After 30 years, Ensemble Studio Theatre’s One-Act Play Festival is still going strong, with options ranging from the economy to a showdown between a nun and her most rebellious student. If unproven talent gets you down, the E.S.T. Festival is for you during the summer months.
May 22 through June 27, E.S.T., 549 W. 52nd St., at 10th Ave., 212-247-4982, www.ensemblestudiotheatre.org
Thank You for Being a Friend
If Bea Arthur’s death has still got you bummed, try some communal healing at this musical parody about roommates Blanchette, Dorthea, Roz and Sophie, and their feud with next-door-neighbor Lance Bass over his loud, outdoor gay sex parties. Last time that happened to us, we had to move. Thanks, Lance!
(May 24 through July 12, The Kraine Theater, 85 E. 4th St., betw. 2nd & 3rd Aves., 212-352-3101, www.horsetrade.info
An examination of green card marriages set against the backdrop of film noir (complete with cameos by femme fatales and private dicks), Strangers combines live music and video to explore how people live in our paranoid age, and how everyone wants something else.
May 28 through June 13, The Ontological Theater, 131 E. 10th St., at 2nd Ave., 212-352-3101, www.ontological.com
Hudson Warehouse’s Shakespeare in the Park
This summer, give Central Park a break and check out Hudson Warehouse’s sixth season in Riverside Park, where it will be presenting The Tempest (June), Hamlet (July) and A Midsummer Night’s Dream (August).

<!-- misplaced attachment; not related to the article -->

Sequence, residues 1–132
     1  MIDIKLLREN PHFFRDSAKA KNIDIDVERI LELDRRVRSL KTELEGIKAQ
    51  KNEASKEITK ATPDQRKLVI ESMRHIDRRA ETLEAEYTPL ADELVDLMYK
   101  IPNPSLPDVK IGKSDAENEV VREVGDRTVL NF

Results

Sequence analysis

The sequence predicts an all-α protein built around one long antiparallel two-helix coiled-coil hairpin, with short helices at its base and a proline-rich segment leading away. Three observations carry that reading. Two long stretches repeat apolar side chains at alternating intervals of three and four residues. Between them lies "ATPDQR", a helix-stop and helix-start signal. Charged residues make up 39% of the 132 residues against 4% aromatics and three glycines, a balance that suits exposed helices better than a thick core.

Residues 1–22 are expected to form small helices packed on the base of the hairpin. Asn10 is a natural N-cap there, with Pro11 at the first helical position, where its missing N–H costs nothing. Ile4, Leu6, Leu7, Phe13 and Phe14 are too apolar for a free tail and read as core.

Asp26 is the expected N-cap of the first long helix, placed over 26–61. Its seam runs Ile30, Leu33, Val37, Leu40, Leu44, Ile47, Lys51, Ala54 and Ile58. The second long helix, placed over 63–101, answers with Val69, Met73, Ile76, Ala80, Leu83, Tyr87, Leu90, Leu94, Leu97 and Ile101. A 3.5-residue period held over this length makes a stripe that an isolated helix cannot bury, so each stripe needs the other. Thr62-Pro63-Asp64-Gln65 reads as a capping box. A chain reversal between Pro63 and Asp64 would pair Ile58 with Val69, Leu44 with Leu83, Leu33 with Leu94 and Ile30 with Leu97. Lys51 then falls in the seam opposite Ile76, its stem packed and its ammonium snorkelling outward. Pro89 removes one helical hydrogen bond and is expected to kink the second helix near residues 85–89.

June through August, Riverside Park, W. 89th St. at Riverside Dr., www.hudsonwarehouse.com
The Antidepressant Festival
If you find the summer heat depressingly oppressive, give The Antidepressant Festival a try. Its nineteen shows are guaranteed to provide “instant and medicated happiness,” and ticket prices are much less than paying for enough booze to pass out turning and sweating through your sheets.
June 5 through July 4, The Brick Theater, 575 Metropolitan Ave., at Union St., Brooklyn, 212-352-3101, www.bricktheater.com
Archbishop Supreme Tartuffe
The Classical Theatre of Harlem presents an original adaptation of Moliére’s Tartuffe, the name has changed a bunch, but we’re sure now that it’s Archbishop Supreme Tartuffe. Instead of taking place uptown at the Gatehouse in West Harlem, it’ll be on Theatre Row. Expect the original work, by Alfred Preisser and Randy Weiner, to be full of interesting twists and turns: It’s set during the apex of the Harlem Renaissance and inspired by the work of Father Divine.
June 12 through July 19, The Clurman Theatre, 410 W. 42nd St., betw. 9th & 10th Aves., 212-868-444, www.classicaltheatreofharlem.org.
Heart of the City
Oscar-nominee Melissa Leo Frozen River hits the boards this summer in a “quintessential New York tale” about finding love on the Brooklyn IRT, young artists trying to survive the asphalt jungle and the correct way to make a matzo ball.
June 11 through 29, Theatre at 30th Street, 259 W. 30th St. (at 7th Ave.), 212-242-9113, www.heartofthecityplay.com
Songbird Ashanti eases on down the road as Dorothy in this R&B version of The Wizard of Oz (remember Diana Ross in the film version?). For the third year in a row, Encores! presents a limited engagement of a Broadway show that has all the charm of summer stock, plus mountains more talent.